Hey there, fellow photography lovers! 👋 Joanna here, your go-to vacation photographer in the heart of Amsterdam. Today, I want to spill the beans on the not-so-secret habits that have paved the way for my success behind the lens. Because, let's be real, being a photographer is way more than just clicking buttons—it's an art, a skill, and a dance of routines.
Rise and Shine: Waking Up Early
There's something magical about the early morning light, and I've made it a habit to catch that enchanting sunrise. Waking up early not only allows me to harness the best natural lighting and kickstarts my day with a burst of creativity. But also, if I do not have to go to the streets for a photo shoot, it helps me with blogging, creating reels, and editing what I have photographed the day before as I usually stop with work after 6 pm, so if there is an event or evening photo session, I most likely to be editing on the morning.
Charged Batteries and Empty SD Cards
Picture this: You've just wrapped up a fantastic shoot, and you're brimming with excitement. The last thing you want is to be held back by dead batteries or a full memory card. Charging up and prepping empty SD cards right after a session ensures I'm always ready for the next stunning shot. So, this means I do not have one set of SD cards, and I'm sure to back it up before going to a new photo shoot. I also must mention I never delete pictures on an SD card but format the complete one, so I keep shooting the SD card until they are done. All my cameras have dual slots, and I shoot the main in RAW and the backup in JPG.
Same-Day Selection: Uploading and Narrative Select
I make it a point to upload and select images on the same day as the session. This happens even if I return from a wedding at 3 am. Nothing rests on the camera. It keeps the momentum going, supports the files secured, and helps me put the pictures into folders with the help of Narrative Select.
I know you will have a word about the 3 am. So, I make everything flow, which is when I book. I take this time into account, so the next day, I will not work on anything if it is a wedding. If it is a vacation photography session that ends at 10 pm during Summer, it takes no more than 30 minutes to do this process. This is not a manual selection, which only happens the next day, but let's continue with the process.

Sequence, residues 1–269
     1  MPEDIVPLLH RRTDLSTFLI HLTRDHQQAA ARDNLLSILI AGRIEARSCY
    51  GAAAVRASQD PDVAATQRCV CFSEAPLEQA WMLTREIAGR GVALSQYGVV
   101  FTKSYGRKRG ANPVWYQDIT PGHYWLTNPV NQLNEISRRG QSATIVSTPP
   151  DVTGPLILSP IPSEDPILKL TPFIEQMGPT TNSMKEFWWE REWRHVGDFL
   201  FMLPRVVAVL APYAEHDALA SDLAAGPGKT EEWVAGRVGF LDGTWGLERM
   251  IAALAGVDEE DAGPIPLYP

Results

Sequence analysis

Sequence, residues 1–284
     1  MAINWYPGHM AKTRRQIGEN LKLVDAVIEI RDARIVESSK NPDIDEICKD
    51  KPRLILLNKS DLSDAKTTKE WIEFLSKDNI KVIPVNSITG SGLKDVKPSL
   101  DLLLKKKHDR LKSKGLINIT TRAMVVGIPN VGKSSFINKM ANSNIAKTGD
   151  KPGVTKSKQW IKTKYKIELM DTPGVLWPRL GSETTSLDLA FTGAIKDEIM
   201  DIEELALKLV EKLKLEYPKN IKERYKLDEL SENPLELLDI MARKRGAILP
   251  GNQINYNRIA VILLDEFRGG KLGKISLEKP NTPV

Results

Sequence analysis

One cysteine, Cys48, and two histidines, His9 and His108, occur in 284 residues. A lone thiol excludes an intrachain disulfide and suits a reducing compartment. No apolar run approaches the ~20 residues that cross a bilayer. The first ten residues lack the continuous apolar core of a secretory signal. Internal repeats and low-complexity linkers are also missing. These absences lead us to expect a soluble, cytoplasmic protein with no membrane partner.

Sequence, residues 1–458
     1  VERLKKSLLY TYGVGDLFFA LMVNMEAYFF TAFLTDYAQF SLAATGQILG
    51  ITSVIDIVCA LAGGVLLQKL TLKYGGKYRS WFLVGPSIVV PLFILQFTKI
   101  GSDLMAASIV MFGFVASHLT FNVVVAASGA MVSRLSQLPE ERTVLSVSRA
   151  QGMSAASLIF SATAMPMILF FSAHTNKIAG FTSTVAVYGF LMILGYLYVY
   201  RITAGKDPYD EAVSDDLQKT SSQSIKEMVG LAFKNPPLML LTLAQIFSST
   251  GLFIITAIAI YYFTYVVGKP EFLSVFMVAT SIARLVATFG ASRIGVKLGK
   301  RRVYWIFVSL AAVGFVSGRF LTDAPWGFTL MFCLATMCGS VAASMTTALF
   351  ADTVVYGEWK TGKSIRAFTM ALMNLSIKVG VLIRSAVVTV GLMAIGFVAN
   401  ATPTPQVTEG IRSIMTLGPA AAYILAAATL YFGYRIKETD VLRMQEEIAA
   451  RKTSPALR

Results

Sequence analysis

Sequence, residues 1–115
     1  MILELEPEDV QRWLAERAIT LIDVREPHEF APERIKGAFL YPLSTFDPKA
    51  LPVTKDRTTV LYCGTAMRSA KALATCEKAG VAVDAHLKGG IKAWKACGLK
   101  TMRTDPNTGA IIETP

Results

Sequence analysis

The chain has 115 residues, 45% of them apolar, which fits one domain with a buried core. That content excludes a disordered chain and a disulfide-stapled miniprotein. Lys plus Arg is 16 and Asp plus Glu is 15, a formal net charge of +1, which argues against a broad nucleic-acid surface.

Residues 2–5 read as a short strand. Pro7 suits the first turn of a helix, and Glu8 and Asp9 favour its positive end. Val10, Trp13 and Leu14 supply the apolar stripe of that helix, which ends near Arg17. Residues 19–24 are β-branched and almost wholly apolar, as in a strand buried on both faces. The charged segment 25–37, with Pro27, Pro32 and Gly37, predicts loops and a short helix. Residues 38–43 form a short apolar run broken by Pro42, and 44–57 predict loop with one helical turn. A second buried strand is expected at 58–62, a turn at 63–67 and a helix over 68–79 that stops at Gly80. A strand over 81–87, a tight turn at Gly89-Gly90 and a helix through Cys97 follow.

Narrative Select is a photography culling software, and with their use, I usually divide the images into three folders: 1) Select: Pictures are in focus, and the subjects' eyes are open. 2) Images without focus scores, most likely Amsterdam locations without my clients 3) All the rest.
Usually, all sessions sleep like this until the next day, during which manual selection and edits happen. Do you want to know more about this? Please let me know in the comments.
Safety First: Backing Up Files
We live in a digital age, and protecting those precious memories is non-negotiable. Backing up files is like an insurance policy for your art. It's a simple step that guarantees your hard work is safe and sound, no matter what. I always keep three backups: 1) SD Cards, which are not deleted until the photo session is delivered. 2) Files live and are edited on the laptop 3) NAS for JPG backup. Every three months, everything from the laptop goes to the NAS, but I keep a copy of the last two years on JPGs on my laptop. I have a 4th backup, which is the online one. Every session's final selection is backed up online for up to two years.
Find it Fast: File Name Convention.
Have you ever played the 'Where's Waldo?' game with your photos? Not fun. Establishing a file name convention might sound mundane, but trust me, it's a game-changer. Easy searchability means less time hunting for files and more time capturing memories. But this I learned it the hard way.
Now, all sessions are in folders divided by year and month. Then, each file is named by the date of shooting, the first name of the client, and a correlative number with four digits. This way, if a client contacts me and knows the year and month we did the session, it will be effortless to locate their files. Then, for city photos, I do the same thing, but instead of the first name, it would be Amsterdam-MagereBrug to give you an example. So, if I want to do a post of how it looks Magere Brug at different times of the year, I can make it.
Now, an improvement to this will be mentioning the route in the name of my client's files, but I tend to custom route everything, so I'm still hesitating between adding this or keeping it simple.
There you have it, folks! Five habits that have been the backbone of my journey as a vacation photographer. Because in this world of pixels and passion, a smooth and fast workflow is the key to turning moments into timeless treasures.
Keep chasing those magical moments, and remember, the best stories are the ones we capture with heart 📷.
Joanna, your Amsterdam photographer
Enhance your Amsterdam memories with your photographer. We provide photo sessions for couples and families and full-day Lifestyle routes, combining a guided tour and photography to capture your trip beautifully.